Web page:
Posts tagged Writing

Interview with a writer (and his cat): James Higgerson

Check out this short interview I recorded the other day with James Higgerson, Manchester-based author of The Almost Lizard. In the interview, James tells us how he wrote the novel, what he wanted to communicate, and what most surprised him about getting published. He also gives us a sneak preview of his next novel, Kid Gloves, inspired by Britain’s tabloid-fuelled obsession with child protection. And watch out for some unscheduled guest appearances by his cat, Omar… For more information about The Almost Lizard, you can: Read the review I wrote on… Read More

A bit of nonsense

I was struggling with my writing this morning, and somehow ended up procrastinating by changing all of the words in the first paragraph of my novel A Virtual Love to the first option that came up on Word’s thesaurus function. This was the result: The timepiece marked noisily cutting-edge the still obverse area. We observed on him, consequently that we didn’t must toward appearance on all additional. The pointers of the timepiece remained altogether that enthused, separately after certain well atoms of powder whirling cutting-edge the motionless, sincere mid-air. I… Read More

On showing up

There’s a quote I remember hearing years ago, one of those quotes that really resonated with me and has stuck with me ever since. It was by Woody Allen, I think, and he said something like “90% of life is about just showing up”. I may be misquoting slightly, but that’s the gist of it. Woody Allen said he wasn’t any more talented than a lot of other people, but what made him successful was that he kept showing up when others didn’t. He kept writing even when he was… Read More

Ten years ago: Why I Protest

This post is part of a series of stories and articles I wrote exactly ten years ago, on this day in 2003. Here I talk about my reasons for protesting against the Iraq war, which had just started at that point. For more stories in the series, click here. The dust storm came blasting down Wall Street. Luckily I saw it coming and managed to duck inside before it engulfed our building, blocking out the sun. For several minutes, crouching nervously in the darkened lobby, I tried not to think about… Read More

The endorsements are in!

Wanted to say a big “thank you” to James Miller and Alex Wheatle for being among the first readers of A Virtual Love, and for providing some great feedback. Their words were truncated to fit on the cover, but here are the extended versions: A compelling tale, told from several perspectives, about the identity that people project about themselves in the social media world and the real life identity that we all cannot escape from. A fascinating, modern story that had me gripped. — Alex Wheatle A compelling and very… Read More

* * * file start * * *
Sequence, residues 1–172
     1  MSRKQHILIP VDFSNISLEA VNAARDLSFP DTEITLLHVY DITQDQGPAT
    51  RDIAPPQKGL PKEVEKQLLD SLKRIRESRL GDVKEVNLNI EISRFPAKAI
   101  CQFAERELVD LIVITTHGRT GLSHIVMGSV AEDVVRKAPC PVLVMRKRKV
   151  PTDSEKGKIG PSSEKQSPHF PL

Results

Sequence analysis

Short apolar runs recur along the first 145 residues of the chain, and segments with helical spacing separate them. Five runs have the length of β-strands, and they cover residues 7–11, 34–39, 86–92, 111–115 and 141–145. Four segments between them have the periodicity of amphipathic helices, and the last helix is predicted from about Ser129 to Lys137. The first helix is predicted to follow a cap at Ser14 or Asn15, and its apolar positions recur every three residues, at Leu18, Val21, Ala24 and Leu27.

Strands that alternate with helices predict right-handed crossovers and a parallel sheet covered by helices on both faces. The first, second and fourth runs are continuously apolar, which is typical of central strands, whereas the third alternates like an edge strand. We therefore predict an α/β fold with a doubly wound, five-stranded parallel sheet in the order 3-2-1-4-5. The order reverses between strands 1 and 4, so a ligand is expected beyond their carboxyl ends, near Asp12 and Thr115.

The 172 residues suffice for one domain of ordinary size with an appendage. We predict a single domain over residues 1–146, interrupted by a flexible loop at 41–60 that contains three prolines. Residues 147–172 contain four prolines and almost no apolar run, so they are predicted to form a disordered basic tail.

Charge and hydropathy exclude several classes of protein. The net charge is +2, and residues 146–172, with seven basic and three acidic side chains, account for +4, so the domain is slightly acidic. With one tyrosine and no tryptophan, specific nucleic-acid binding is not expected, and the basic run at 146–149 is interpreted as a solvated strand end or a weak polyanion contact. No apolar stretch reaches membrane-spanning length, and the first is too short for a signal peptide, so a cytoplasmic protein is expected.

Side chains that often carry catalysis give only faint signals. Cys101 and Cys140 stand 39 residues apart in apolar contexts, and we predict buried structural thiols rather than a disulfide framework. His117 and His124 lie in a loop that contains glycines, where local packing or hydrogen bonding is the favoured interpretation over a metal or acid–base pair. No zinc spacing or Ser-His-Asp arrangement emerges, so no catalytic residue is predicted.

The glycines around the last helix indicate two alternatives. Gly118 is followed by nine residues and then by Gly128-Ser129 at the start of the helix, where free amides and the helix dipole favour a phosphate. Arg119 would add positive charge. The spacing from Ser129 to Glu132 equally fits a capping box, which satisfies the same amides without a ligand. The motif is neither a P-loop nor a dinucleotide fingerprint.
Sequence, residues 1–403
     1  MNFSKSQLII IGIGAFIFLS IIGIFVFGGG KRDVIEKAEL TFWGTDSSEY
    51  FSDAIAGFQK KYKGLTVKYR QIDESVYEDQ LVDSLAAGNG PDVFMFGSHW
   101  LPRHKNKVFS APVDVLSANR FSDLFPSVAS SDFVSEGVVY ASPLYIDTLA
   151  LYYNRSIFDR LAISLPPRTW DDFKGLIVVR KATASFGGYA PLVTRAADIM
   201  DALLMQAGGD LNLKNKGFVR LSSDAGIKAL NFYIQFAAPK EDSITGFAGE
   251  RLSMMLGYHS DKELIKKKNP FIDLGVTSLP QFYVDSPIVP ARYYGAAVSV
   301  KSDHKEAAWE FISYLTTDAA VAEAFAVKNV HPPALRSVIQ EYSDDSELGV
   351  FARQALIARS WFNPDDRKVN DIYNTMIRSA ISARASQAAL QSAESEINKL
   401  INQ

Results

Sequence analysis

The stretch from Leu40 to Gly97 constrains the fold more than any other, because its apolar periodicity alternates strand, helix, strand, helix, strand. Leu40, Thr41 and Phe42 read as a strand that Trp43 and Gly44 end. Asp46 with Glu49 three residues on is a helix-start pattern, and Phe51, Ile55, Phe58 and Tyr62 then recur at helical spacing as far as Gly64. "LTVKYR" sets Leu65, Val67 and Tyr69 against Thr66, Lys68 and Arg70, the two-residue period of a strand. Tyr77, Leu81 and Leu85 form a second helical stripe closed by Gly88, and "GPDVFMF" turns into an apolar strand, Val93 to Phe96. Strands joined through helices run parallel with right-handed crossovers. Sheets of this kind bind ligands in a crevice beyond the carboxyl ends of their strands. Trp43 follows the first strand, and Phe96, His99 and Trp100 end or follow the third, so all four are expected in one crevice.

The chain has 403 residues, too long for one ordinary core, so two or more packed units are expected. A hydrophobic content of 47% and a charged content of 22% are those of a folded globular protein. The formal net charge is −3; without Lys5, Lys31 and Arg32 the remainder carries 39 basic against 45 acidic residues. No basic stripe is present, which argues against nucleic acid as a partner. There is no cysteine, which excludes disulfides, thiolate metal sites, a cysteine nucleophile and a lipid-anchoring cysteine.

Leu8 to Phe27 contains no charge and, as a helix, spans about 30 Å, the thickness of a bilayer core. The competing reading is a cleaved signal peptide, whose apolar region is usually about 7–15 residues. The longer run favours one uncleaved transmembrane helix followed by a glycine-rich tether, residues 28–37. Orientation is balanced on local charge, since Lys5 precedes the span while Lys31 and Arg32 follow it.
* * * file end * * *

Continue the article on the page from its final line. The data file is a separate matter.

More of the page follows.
What is privilege?

When people hear about my background, they immediately think I was born with a silver spoon in my mouth. I went to Oxford, you see, and before that to a pretty exclusive private school (pictured), and even before that to a private primary school. Add in some high-flying jobs and a master’s from an Ivy League university in the US, and people form a mental image of something between Prince William and the Great Gatsby. This talk of privilege often makes me defensive. The implication is that I was handed… Read More

Beauty? No, thanks

As a side note to my post last week on the cafes I have killed, I wanted to add one more thing about writing locations. It struck me that in a country with so much beauty, I  have latched onto the ugliest locations in which to do my writing. It seems that beauty doesn’t really work for me, at least while I’m writing. It’s wonderful to look at, wonderful to get inspiration from, but it seems I prefer to get that inspiration before I sit down to write. When I’m… Read More

The cafe killer

I have a confession to make. I’m a natural born killer. Don’t worry – I don’t kill people, or even butterflies. I kill cafes. All I have to do is pick a place to do my writing, go there fairly regularly, and it’ll be closed before the year is out. I’ve even killed a café in Barbados, and I’ve only been here since last December. Here is a partial list of London cafés I have killed: Pick More Daisies (Crouch End) Figo’s Cafe (Crouch End) Messy Mug (Crouch End) Dudley’s Pancake… Read More

Me and Marcel

I was happy to hear that one of my short stories has been translated into Turkish and published in a literary magazine. I was even more tickled to see the list of names on the cover  – amid the Turkish names, a couple of foreigners. Andrew Blackman and Marcel Proust. Don’t worry, I’m not getting delusions of grandeur. I know I’ve got a lot of work to do before I catch up with Proust in terms of literary standing. But it was nice to share a cover with him. The… Read More